Tell us a bit about yourself and Formal Ferret games
I’ve been designing board games since 2000, but I was really bad at it first. As I found more game designer groups and got more experience under my belt, I got better. My first game, Prolix, was published by Z-Man Games in 2010. Battle Merchants followed in 2014 from Minion Games.
I wanted more control over my designs, so I in late 2014, I founded Formal Ferret Games, which is the main outlet for my games. I’ve published three games under the Formal Ferret label: the party game Bad Medicine, the strategy game The Networks, and the word game Wordsy.
Your first game Bad medicine was on KS back in 2015. What did you do to build up a following before the release?
Luckily, I’d already built up about 2000 Twitter followers over the years from my first two games. I published blog posts about game design, and I helped playtest games at conventions. So I was already a known quantity!
Your next game was The networks which got over 2000 backers. Why do you think The networks was such a hit?
First off, it’s funny. The moment you sit down to play, you realize your network is running shows like “Get to Know Your Lower Colon,” and you know exactly what your thematic starting point is. A lot of people consider The Networks to be the board game version of Weird Al’s movie UHF. My German players have compared it to the early-90s computer game “Mad TV.” I’ll take that!
Second, the theme of running a TV network has been a bit of a holy grail for a while. Lots of games try it, but it never seems to work out mechanically. I covered my thoughts on why in my designer diary for the game on BGG:
Because of this, The Networks is the first board game to implement the TV network theme in a way that’s resonated with the public. I wish I could say I’ve planned it all along, but really, I think I just backed into it!
Then you did an expansion for Bad medicine and that failed to fund. Why do you think it failed?
I think the biggest reason was price. As I’d expected, I’d made some mistakes in the first printing of Bad Medicine, the biggest being using a distribution consolidator to sell without specifying to them a minimum freight cost – in other words, distributors buying my games from the distribution consolidator would pay for shipping unless they ordered at least, say, $500 worth. That’s a common practice, but not one I was aware of, so I paid for shipping both to the consolidator and then to the distributor, which meant my check from the consolidator was tiny; too small to fund a reprint!
So the funding goal for the expansion was for both the base game and expansion combined. That was not necessarily a mistake; I believe that when a Kickstarter fails to fund, that is pretty far from a worst-case scenario. Had I priced the funding goal for just the expansion and raised $14K when I needed $20K, I don’t know if I’d still be a publisher!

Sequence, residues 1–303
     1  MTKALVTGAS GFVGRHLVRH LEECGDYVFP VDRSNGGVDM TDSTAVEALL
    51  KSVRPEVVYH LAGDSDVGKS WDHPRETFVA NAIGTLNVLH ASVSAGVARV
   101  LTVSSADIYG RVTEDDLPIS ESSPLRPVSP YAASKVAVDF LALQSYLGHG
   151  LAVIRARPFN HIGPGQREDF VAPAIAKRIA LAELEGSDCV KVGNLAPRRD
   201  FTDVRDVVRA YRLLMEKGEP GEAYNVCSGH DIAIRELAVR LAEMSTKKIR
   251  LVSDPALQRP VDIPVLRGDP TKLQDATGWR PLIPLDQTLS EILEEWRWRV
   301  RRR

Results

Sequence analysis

Another pricing factor was that in the first campaign, when we hit a stretch goal, I put it in the game’s box. So when we unlocked a stretch goal for punchboard, into the box it went. That went great for the Kickstarter campaign, but when it came time to sell the game, I needed to price it at $30, not $20 as I’d originally envisioned, because the punchboard cost so much. So I had to charge that amount for the base game in the second campaign, and I think that turned a lot of people off. Bad Medicine is the kind of game that sells well at $20, but $30 is a big ask.
You also did an expansion for The Networks. That was a big success. What did you do differently on this expansion campaign?
Exactly what I learned from Bad Medicine. The funding goal only covered the printing of the expansion. This is safer for me nowadays; the success of the base game means I have some capital to play with, and I ordered the largest print run I’ve ever had! So I’m lucky to have enough security to get away with this trick.
Secondly, all stretch goals that feature extra stuff, like fancy bits or new cards, will come packaged as separate products. I started doing this with The Networks, and it worked great; that huge reprint of the base game is actually my fourth. It wouldn’t have been possible if the stretch goals from the base game would have been part of the original retail product.
What was the biggest thing you learned from your last campaign?
Be careful with add-ons in pledge managers! I offered free replacement Network Cards for a few things I’m tweaking, and I let people order extras as add-ons. This meant that everyone thought they needed to buy the replacement cards as add-ons, when they’re getting them for free.
What is your best marketing tip during a campaign?